The tope shark is a deep sea dwelling, migratory shark found worldwide. It is the only member of the genus Galeorhinus, belonging to the hound sharks of the Triakidae family. They are also known as school sharks, snapper sharks, liver-oil sharks, and soupfin sharks.
Tope Shark Scientific Classification
|Scientific Name||Galeorhinus galeus|
Male tope sharks reach maturity at the age of 12-17 and when they are about 5 feet in length. Females take 13-15 years to hit adulthood and reach maturity when their body length is about 5.8 feet. The males grow to about 6.3 feet in total length, while females can reach up to 6.4 feet.
The biggest recorded tope shark weighed about 98.5 pounds.
The shark has a long, slender body with a dark blue-grayish upper body and a white ventral under-belly.
Their head consists of a long, pointed snout and a large crescent-shaped mouth with small blade-like teeth.
The second dorsal fins are located just above the anal fins and are about the same size. A notch present at the terminal lobe of the caudal fin is about the same size as the rest of the fin. Juvenile sharks smaller than 2 feet have black spots in their dorsal and caudal fins, and their pectoral fins consist of a white trailing edge.
Where do they live
Map Of The Tope Shark’s Habitat
Tope sharks are a widely distributed species.
They are found in the western Atlantic (southern Brazil – Argentina), eastern Atlantic (Iceland – South Africa), the Mediterranean, western Indian Ocean, South Africa, the southwest Pacific (Australia – New Zealand), central Pacific (Hawaii), the southeast Pacific(Chile and Peru), the eastern Pacific (British Columbia – southern California) and the Gulf of California in Mexico’s northwestern coast.
Tope sharks are usually found in temperate waters and continental shelves. They can also be found on coastal shorelines, bays, rocky reefs, and submarine canyons. They prefer muddy depths of 1,350-2600 feet. While males live deeper, females are usually seen at less than 180 feet.
The females give birth in sheltered bays and estuaries. The juvenile sharks remain in these areas for two years and grow while the adult sharks ward off into deeper waters.
These sharks have no particular diet preference and feed on whatever is plenty and easily available. This information was concluded from examining the stomach contents of the shark caught in California.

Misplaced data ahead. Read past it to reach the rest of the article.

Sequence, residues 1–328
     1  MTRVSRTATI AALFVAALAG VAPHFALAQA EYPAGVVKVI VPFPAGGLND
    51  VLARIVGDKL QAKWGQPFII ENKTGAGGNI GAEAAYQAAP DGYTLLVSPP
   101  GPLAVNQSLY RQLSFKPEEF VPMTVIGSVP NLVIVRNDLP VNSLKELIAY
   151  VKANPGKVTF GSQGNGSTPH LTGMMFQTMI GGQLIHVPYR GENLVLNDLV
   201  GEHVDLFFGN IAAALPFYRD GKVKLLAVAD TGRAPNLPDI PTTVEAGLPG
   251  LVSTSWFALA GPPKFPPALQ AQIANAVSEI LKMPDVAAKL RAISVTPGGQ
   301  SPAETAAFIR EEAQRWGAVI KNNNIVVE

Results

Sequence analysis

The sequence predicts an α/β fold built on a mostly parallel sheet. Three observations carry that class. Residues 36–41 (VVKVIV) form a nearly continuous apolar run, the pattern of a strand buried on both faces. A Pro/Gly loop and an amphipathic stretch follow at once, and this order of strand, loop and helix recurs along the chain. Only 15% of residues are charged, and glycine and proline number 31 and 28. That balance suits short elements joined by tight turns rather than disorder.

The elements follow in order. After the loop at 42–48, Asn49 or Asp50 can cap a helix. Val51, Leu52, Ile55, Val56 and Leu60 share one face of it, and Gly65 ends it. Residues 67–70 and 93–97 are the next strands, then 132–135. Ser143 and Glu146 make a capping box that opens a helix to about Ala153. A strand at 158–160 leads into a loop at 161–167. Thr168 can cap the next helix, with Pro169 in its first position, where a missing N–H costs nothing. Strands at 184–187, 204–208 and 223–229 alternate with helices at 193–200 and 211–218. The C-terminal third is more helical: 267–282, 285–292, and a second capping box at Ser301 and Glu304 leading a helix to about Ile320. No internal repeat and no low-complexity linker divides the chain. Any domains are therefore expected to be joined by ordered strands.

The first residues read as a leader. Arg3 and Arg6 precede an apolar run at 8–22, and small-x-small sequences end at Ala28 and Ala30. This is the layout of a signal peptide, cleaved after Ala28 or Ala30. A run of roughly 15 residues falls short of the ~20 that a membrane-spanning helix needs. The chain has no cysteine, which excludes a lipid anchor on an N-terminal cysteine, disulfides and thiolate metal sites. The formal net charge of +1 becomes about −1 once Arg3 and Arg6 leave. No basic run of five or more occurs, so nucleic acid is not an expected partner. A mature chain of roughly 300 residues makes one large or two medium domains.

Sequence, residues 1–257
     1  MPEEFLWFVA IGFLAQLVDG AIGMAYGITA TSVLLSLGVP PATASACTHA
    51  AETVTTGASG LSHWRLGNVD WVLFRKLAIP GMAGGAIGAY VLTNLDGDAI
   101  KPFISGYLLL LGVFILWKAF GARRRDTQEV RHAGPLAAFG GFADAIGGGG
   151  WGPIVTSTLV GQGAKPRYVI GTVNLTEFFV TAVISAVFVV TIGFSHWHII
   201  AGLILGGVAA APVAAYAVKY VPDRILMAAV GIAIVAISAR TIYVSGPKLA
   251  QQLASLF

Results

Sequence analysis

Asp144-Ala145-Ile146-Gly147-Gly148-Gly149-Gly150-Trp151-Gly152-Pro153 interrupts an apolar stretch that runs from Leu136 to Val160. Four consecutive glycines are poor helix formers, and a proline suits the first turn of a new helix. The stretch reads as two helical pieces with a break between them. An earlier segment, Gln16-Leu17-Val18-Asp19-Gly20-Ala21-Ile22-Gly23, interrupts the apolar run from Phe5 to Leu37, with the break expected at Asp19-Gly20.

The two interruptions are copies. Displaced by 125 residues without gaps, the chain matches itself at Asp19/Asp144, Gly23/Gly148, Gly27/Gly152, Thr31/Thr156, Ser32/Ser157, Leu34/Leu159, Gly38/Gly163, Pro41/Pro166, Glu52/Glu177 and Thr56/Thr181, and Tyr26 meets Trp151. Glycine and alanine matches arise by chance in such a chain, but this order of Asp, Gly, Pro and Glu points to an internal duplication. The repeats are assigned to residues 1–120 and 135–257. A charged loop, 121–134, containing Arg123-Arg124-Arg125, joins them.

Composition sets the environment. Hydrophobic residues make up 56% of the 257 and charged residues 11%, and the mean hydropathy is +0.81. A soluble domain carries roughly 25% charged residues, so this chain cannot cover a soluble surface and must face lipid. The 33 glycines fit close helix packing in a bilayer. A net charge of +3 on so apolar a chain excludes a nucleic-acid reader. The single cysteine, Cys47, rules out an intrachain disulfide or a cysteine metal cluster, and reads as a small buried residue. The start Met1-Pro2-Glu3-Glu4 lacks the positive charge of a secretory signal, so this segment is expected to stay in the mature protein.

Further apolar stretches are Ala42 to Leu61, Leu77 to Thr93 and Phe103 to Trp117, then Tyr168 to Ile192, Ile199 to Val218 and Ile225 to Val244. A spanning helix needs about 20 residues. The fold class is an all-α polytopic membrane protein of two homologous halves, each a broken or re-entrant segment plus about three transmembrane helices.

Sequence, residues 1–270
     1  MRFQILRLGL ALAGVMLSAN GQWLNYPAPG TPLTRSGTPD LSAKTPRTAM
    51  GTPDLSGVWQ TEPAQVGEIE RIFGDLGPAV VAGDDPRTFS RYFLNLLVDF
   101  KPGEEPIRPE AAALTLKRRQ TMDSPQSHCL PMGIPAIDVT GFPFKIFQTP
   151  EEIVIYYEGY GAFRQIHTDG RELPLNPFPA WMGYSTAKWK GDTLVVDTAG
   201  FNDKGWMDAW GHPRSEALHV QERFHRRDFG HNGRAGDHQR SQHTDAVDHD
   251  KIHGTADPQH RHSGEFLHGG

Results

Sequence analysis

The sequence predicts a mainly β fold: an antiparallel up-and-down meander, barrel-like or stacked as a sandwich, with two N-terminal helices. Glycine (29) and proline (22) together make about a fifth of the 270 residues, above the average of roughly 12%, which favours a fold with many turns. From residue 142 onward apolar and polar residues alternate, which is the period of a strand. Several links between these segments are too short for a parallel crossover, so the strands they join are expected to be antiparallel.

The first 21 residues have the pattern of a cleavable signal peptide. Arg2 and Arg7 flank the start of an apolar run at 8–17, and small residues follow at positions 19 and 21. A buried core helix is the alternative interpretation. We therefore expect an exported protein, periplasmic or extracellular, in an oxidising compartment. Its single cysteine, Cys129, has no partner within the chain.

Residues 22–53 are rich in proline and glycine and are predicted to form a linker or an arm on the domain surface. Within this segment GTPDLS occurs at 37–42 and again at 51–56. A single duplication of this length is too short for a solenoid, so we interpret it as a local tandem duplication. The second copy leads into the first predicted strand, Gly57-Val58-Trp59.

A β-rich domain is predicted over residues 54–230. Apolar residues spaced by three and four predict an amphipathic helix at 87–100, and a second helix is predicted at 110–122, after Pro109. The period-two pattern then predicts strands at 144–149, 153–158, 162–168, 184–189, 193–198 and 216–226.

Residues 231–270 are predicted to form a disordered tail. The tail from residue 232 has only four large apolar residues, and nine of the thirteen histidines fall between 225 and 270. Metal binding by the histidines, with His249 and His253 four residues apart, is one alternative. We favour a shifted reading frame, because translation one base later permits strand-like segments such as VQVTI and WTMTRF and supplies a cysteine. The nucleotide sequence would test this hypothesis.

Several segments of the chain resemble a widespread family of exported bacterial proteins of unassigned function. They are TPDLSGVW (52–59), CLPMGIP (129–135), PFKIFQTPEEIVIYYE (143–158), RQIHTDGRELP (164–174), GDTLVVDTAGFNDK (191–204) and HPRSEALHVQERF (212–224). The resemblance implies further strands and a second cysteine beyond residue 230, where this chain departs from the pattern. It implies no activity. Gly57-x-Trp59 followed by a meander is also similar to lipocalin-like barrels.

Their diet primarily consists of fish such as sardines, midshipmen, flatfish, rockfish, and salmon. Invertebrate prey items of the tope shark include squid, octopus, crabs, marine snails, worms, and sea urchins. They also feed on other small sharks and stingrays.
They hunt and feed both in open water and near the seabed.
These sharks are highly migratory, occur in small schools, and cover long distances.
They tend to move northward during the summer and back towards the equator in the winter.
The migratory routes of these sharks may be disrupted by the magnetic fields caused by current flow and deep-sea power cables.
The ovulation period occurs during summer, while mating takes place during the months of spring. This shark species is ovoviviparous (fertilized eggs develop in females) without a yolk-sac placenta. The gestation period of tope sharks lasts for almost a year.
Around 6-52 pups are born in a litter. This number varies according to the size of the mother.
Juveniles measure about 12-14 inches at birth.
Female tope sharks can store sperm long after mating, resulting in pups from the same litter having different parents.
It has been implied that the tope shark can live up to 55 years.
Their slender body makes them strong and fast swimmers capable of traveling 35 miles in a single day.
Some tope sharks tagged in the UK and southern California have been found as far away as the Canary Islands and British Columbia, respectively.
They have been known to travel 750 miles along the coast of Australia and have turned up in New Zealand.
Interactions with humans
Due to their small size, tope sharks are not considered dangerous. There have been no reports of attacks on humans.
They are a popular game hunted commercially and captured for their meat, liver oil (which is high in vitamin A), and fins. The Asian market has a high demand for this shark’s fin for making shark fin soup, earning it its name – soupfin shark.
The excessive killing of these species has brought about a rapid decline in their population. In its Red List of Threatened species, tope sharks have been classified as critically endangered by the IUCN. Wildlife Trusts must collaborate with fishermen, researchers, politicians, and local people to conserve this species so their numbers can stabilize.